Students to lead 9/11 monument design

By Staff

Now housed in a laboratory at the University of Colorado at Colorado Springs, an 8-foot-long reminder of one of the most tragic events in U.S. history will be unveiled in a campus ceremony Friday, Oct. 15.

At 12:15 p.m. at El Pomar Center Plaza on the UCCS campus, ownership of the twisted, 750-pound steel beam that once helped support one of the twin towers of New York's World Trade Center will be transferred to Air Force Colonel Russell "Rusty" Wilson of Cheyenne Mountain Air Station by Don Addy, president of the National Homeland Defense Foundation.

UCCS administrative and student leaders will participate in the ceremony and explain the university's role in designing a monument incorporating the beam for permanent display at the Cheyenne Mountain Air Station and a companion piece for the UCCS campus.

For several weeks, a four-person senior engineering student design team has examined the beam, testing its integrity, taking measurements and calculating structures needed to safely support it. The team will work with Peter Gorder, associate professor of engineering, and other students to complete a design for submission to the National Homeland Defense Foundation, which will commission the monument's creation.

"The 9/11 attacks were a defining moment for our country and, in particular, the generation that is currently students at UCCS," Gorder said. "The task the design team will have is to form a larger design committee to engage artists, consultants and many others to help with the creation of something truly monumental."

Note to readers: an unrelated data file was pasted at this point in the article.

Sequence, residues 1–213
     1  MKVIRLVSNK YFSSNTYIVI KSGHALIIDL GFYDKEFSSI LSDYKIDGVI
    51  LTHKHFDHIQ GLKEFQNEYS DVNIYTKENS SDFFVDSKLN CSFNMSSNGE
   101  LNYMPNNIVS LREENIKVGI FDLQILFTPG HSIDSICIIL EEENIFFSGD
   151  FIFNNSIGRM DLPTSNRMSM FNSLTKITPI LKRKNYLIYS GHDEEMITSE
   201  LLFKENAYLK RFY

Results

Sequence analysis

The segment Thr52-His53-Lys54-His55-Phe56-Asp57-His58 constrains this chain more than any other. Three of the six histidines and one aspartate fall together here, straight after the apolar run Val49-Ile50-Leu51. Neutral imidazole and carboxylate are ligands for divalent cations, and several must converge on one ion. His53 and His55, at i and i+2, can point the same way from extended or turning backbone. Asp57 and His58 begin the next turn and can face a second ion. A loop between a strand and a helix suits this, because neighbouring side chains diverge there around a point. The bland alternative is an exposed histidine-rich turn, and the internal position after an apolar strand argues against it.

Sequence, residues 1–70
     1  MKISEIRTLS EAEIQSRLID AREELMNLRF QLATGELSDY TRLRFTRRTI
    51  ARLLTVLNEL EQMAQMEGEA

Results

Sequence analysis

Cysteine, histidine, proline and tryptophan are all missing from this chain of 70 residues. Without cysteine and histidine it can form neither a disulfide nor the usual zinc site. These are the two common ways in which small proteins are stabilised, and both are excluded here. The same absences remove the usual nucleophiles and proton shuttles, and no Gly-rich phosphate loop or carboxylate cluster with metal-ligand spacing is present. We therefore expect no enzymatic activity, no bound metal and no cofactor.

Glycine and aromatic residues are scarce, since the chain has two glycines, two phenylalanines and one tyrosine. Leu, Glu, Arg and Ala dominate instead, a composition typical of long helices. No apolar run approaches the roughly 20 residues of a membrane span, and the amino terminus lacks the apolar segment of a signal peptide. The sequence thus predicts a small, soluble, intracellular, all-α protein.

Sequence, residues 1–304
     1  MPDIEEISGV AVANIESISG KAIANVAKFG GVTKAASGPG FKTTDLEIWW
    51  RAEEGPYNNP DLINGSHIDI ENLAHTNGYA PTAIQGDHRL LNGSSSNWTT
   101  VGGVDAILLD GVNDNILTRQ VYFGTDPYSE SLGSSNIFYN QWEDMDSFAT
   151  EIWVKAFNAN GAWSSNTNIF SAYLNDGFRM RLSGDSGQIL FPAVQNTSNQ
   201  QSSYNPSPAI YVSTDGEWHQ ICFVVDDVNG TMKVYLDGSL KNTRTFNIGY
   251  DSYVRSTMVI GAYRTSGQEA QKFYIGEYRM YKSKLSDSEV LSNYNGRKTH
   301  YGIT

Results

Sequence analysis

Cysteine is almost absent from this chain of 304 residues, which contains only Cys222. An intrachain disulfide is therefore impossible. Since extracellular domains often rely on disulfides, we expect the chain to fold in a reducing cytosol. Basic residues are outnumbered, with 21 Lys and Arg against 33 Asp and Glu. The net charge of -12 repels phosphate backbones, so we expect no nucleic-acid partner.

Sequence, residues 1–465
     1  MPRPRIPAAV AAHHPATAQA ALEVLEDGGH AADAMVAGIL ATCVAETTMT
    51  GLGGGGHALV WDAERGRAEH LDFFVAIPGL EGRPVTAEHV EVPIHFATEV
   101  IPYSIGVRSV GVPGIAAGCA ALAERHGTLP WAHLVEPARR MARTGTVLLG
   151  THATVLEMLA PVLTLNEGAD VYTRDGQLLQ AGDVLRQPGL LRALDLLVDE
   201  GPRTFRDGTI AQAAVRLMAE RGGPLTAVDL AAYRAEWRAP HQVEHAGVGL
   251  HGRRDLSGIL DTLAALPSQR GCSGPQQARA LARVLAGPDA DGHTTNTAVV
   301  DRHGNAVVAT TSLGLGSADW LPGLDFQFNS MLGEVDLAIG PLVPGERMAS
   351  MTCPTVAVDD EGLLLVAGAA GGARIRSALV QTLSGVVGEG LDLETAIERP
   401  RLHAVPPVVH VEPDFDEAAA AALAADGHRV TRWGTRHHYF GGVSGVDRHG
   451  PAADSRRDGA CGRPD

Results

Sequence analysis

The skills of mechanical engineers in safely positioning 750 pounds of steel and preserving it from further corrosion are two examples of where engineering expertise is needed. Blending safety and preservation with creativity and design is the essence of entrepreneurship, Gorder said, making the project a perfect capstone project for seniors.

UCCS and area high school students who participate in ROTC programs will form a color guard to present U.S. and Colorado flags and the UCCS Young Republican Club plans to decorate a nearby area known as the West Lawn with 2,977 American flags in memory of those killed in the 9/11 attacks.

Addy secured the beam and contacted UCCS about working with the foundation and Cheyenne Mountain officials to design the monument.

At the event, Gorder will introduce the student design team and call for assistance from the campus as the team begins its work. The beam will remain on campus until November and will be on display in the observation windows of SENG A311. By April, the team hopes to submit final designs for a monument to the foundation, which intends to commission its construction and have it unveiled Sept. 11, 2011.

"This is an incredible opportunity to preserve a piece of our nation's history," Gorder said. "As few campus citizens will have the opportunity to view the Cheyenne Mountain 9/11 Memorial Exhibit once it is installed, my goal, in addition to helping the students create a design of which we are all proud, is to have a companion piece to the Cheyenne Mountain exhibit find a permanent home on our campus."